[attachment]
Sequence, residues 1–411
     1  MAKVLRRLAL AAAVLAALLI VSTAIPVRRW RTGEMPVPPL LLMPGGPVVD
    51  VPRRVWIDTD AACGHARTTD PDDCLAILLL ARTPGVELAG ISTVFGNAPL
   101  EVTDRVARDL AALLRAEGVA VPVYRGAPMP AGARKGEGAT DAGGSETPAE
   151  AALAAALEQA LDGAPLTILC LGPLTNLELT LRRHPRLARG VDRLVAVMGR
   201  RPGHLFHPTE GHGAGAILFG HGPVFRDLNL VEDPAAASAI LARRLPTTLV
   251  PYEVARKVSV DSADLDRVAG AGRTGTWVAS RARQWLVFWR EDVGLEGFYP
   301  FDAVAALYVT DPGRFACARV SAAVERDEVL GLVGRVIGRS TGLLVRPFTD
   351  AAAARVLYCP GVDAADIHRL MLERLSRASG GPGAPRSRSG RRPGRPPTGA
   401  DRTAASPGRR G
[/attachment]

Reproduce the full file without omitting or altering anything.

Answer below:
Sequence, residues 1–411
     1  MAKVLRRLAL AAAVLAALLI VSTAIPVRRW RTGEMPVPPL LLMPGGPVVD
    51  VPRRVWIDTD AACGHARTTD PDDCLAILLL ARTPGVELAG ISTVFGNAPL
   101  EVTDRVARDL AALLRAEGVA VPVYRGAPMP AGARKGEGAT DAGGSETPAE
   151  AALAAALEQA LDGAPLTILC LGPLTNLELT LRRHPRLARG VDRLVAVMGR
   201  RPGHLFHPTE GHGAGAILFG HGPVFRDLNL VEDPAAASAI LARRLPTTLV
   251  PYEVARKVSV DSADLDRVAG AGRTGTWVAS RARQWLVFWR EDVGLEGFYP
   301  FDAVAALYVT DPGRFACARV SAAVERDEVL GLVGRVIGRS TGLLVRPFTD
   351  AAAARVLYCP GVDAADIHRL MLERLSRASG GPGAPRSRSG RRPGRPPTGA
   401  DRTAASPGRR G